I love flying in small aircraft. The views are always intimate and one’s whole relationship to space, air and landscape is refreshingly dynamic. So when Glacier Air presented an opportunity to cruise the glaciers, I leapt at the chance — as did my friend Iona.
Based in Squamish, 30-minutes south of Whistler, Glacier Air has been in the tourism and flight training business for more than 25 years, so they know every canyon, glaciated mountain top, and rocky crevice like few others. And prior to that, Glacier Air served the fishery, forestry and mining industries so back-country British Columbia is also their forte.
For this particular adventure, the four-seater Cessna 172 took us on a 20-minute flight that would whet our appetites for more.
On a beautiful, sunny day the views were spectacular – across to Diamond Head, Black Tusk and the Tantalus Range; eye level with Atwell Peak, a volcanic pinnacle, and easily as high as Mount Garibaldi (2,678 metres).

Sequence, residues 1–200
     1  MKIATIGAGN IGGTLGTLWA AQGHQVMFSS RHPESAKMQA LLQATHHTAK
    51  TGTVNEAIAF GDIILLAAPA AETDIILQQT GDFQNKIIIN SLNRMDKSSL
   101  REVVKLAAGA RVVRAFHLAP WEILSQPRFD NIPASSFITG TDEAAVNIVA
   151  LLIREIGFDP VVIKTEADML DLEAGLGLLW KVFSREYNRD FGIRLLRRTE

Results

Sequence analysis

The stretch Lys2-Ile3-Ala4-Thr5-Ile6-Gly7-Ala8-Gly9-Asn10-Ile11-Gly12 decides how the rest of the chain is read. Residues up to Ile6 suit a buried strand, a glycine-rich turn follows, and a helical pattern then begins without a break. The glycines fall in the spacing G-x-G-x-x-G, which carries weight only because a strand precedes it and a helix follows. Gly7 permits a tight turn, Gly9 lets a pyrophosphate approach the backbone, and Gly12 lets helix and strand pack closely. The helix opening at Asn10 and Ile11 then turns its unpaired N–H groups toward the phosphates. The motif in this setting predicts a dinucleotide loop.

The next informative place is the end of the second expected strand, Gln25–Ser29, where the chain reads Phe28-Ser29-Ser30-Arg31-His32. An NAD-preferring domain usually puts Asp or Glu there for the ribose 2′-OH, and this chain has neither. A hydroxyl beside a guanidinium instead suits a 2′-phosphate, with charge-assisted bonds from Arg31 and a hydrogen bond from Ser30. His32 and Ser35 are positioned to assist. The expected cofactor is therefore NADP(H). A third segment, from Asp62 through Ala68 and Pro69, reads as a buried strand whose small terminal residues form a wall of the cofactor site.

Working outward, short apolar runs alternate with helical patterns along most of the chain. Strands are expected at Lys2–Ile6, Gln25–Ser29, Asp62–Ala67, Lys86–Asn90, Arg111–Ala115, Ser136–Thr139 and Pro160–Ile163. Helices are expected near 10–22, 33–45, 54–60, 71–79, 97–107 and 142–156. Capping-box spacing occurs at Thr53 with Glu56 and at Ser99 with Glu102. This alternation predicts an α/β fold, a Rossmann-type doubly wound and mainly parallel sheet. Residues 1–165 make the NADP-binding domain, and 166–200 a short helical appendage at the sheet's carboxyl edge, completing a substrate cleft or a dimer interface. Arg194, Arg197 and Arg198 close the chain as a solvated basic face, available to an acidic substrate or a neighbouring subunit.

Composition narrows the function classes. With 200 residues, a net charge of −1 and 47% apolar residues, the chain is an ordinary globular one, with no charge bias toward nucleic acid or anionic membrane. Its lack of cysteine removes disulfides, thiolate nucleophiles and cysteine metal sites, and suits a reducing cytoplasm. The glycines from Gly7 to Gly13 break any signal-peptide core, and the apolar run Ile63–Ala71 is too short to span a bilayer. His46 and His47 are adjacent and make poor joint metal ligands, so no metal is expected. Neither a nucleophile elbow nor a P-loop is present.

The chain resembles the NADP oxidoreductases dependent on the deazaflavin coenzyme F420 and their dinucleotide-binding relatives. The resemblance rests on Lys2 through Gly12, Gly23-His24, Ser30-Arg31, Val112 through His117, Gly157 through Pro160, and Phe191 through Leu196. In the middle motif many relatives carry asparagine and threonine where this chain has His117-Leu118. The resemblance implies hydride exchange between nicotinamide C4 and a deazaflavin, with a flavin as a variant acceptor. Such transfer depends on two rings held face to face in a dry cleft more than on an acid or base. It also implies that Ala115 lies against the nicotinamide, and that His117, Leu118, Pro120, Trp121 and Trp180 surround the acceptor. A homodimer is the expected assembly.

Our pilot weaved in between the natural gulley, skirted over glacial masses and crested mountains that suddenly plummeted into mossy valleys, green-blue lakes, or the Squamish River snaking through the grasslands.
We even flew over an solitary alpine hut perched on the west side of one particular summit …. an overnight stopping point for those hardy enough to have scaled there at all.
And seeing the Stawamus Chief from the air was a rare delight.
As the second largest granite monolith (behind Gibralter), the ‘Chief’ as it is affectionately known, is one of province’s most popular climbing destinations because it offers more than 300 routes that cater to beginner to expert climber alike. Within the Squamish region, however, total routes climb to nearer 1200!
The flight was over all too soon – no wonder they call it the ‘teaser’. But wow, just look at the photos we took.
Photos: Chris McBeath/Iona Douglas